Friday, September 29, 2006

Stoking the Furnace

During the Liang dynasty, Daruma Taishi sought to teach Chan Buddhism to the Shaolin monks in the Henan province of China. Owing to the sedentary nature of the scholastic life, the monks were unable to withstand the rigors of the ascetic practices which Taishi used to help focus the body, spirit, and mind along with his teaching. He overcame this by introducing exercises based on a system of fighting so that both body and spirit could be strengthened in tandem and a greater depth of religious understanding attained - for how could the mind, housed in a fragile body, otherwise be so controlled?

Or so the records on the history of karate would have us believe. There are some variations on the contributions of Taishi (also the Bodhidharma) to Shuri-ryu, recorded both by the Chinese and Japanese styles which have descended therefrom.

Regardless of the details I like this interpretation, as there is certainly truth to be had in it. Sleep has only been the first part in the equation of overcoming my long-present mental fog. As my rest has been improved and some other nervous (literally "of the nerves," not "anxious") agitation has been reigned in, my ability to focus has improved considerably, along with my exercise tolerance. When I perform that exercise, even in small portions, the benefit of the refined sleep is magnified.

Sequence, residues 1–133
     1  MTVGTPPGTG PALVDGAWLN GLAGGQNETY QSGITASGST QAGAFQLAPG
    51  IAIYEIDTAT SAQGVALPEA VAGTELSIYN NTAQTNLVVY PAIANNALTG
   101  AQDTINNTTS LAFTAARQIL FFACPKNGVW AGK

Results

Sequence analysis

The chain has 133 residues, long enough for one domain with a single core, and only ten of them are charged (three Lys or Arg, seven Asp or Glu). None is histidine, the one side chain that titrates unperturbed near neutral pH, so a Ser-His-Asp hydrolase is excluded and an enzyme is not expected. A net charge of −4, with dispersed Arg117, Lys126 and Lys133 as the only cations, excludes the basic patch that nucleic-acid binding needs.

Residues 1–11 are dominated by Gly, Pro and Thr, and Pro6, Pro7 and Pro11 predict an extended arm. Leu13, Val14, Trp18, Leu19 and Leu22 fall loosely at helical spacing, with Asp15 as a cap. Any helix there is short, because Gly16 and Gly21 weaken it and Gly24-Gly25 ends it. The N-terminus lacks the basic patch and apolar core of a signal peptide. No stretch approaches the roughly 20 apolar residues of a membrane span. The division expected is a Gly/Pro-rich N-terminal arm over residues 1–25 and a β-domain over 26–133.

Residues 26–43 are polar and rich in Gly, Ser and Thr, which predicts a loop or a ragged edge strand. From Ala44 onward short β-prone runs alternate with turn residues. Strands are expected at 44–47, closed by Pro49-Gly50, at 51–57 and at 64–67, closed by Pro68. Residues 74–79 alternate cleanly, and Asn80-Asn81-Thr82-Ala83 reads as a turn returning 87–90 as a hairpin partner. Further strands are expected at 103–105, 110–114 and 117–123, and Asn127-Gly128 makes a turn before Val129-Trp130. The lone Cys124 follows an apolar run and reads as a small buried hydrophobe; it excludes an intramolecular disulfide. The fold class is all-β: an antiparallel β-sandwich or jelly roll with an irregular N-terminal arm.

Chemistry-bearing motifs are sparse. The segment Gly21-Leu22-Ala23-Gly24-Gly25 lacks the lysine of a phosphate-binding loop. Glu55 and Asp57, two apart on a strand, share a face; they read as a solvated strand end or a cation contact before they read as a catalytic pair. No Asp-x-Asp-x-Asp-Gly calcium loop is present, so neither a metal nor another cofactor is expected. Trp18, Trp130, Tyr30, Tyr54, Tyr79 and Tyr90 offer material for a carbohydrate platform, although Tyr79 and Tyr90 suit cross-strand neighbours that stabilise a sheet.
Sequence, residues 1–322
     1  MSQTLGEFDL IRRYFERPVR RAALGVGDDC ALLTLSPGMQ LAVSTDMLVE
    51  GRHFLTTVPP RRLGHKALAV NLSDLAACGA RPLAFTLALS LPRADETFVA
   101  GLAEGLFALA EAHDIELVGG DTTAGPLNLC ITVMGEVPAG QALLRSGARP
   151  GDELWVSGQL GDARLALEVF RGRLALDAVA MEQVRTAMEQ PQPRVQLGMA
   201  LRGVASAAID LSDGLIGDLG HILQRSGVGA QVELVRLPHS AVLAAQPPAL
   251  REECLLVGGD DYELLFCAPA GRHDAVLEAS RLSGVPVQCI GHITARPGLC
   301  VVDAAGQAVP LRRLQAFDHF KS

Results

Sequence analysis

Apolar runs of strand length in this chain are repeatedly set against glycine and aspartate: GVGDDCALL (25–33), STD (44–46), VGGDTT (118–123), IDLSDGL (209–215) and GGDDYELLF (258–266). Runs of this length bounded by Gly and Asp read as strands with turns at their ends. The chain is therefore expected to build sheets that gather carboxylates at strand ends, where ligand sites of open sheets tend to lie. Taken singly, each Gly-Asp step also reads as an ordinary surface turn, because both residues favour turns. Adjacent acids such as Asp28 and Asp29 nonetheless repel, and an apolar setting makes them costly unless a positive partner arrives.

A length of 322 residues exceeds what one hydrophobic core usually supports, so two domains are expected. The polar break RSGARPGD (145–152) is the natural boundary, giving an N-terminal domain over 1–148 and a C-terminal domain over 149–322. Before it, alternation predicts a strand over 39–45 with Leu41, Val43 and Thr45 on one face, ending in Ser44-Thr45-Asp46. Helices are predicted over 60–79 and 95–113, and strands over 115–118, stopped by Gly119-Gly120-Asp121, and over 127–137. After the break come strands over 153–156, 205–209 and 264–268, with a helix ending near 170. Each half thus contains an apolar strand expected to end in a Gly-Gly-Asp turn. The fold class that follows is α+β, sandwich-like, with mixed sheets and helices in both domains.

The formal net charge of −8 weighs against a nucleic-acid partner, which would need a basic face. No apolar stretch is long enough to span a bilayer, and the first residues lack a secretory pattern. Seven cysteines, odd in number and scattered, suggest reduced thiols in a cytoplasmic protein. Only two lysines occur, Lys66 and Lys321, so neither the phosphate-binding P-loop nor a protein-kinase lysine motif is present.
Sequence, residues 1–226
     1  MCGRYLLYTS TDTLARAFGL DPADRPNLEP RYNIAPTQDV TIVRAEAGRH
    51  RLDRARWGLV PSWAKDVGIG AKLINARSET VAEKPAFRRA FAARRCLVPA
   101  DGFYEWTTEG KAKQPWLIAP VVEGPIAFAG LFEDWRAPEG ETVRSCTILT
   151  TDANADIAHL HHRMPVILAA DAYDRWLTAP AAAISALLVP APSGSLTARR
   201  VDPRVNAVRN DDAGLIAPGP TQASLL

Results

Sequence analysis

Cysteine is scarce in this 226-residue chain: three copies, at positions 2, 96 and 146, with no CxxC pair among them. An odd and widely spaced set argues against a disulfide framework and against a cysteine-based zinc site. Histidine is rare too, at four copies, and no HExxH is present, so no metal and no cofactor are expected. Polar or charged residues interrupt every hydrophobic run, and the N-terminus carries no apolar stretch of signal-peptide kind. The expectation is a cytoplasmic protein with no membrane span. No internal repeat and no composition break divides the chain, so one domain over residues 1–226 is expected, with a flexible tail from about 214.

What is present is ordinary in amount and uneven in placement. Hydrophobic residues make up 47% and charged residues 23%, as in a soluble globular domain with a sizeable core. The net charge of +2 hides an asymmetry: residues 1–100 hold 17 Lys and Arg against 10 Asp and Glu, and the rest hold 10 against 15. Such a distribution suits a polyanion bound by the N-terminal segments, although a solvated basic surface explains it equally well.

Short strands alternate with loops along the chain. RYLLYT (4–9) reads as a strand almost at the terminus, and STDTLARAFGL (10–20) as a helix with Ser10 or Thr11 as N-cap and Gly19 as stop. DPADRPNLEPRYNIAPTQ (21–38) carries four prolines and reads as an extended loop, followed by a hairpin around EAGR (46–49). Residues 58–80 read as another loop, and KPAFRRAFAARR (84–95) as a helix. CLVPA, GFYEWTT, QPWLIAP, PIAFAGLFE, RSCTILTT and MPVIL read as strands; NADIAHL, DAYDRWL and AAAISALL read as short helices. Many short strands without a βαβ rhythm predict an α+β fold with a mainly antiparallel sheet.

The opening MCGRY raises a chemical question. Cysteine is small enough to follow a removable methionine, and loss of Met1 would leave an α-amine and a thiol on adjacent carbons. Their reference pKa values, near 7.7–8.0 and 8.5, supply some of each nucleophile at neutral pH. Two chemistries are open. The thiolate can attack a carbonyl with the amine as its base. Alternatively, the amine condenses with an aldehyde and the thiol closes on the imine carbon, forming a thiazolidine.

I spent several years avoiding the triggers to my suffering, structuring my life as to be uncomplicated by it. In doing so I also robbed myself of the necessary stresses to maintain sufficient physical conditioning in a no-win situation: any attempt at vigor cost me dearly in the very near term (24-48 hours worth) as pain, extra fatigue, etc. Instead, I fell out of shape and had to live only with a reduced stamina.

Now I'm faced with my history of increasingly large pants and a daunting goal of working my way back up the chain to something I'm more comfortable with. Engaging metabolism while still retaining enough energy for the day (the intolerance is decreased, not removed) is a balance I'm still trying to find. I'm very grateful for the chance to try, though, and in keeping with my personal philosophies that means I must do, within reason, all I can to seize that opportunity.

Especially as I now have a child in school, and traces of every conceivable communicable disease will be wafting in the door behind her this winter, resulting in many a sleepless night for children and parents both.

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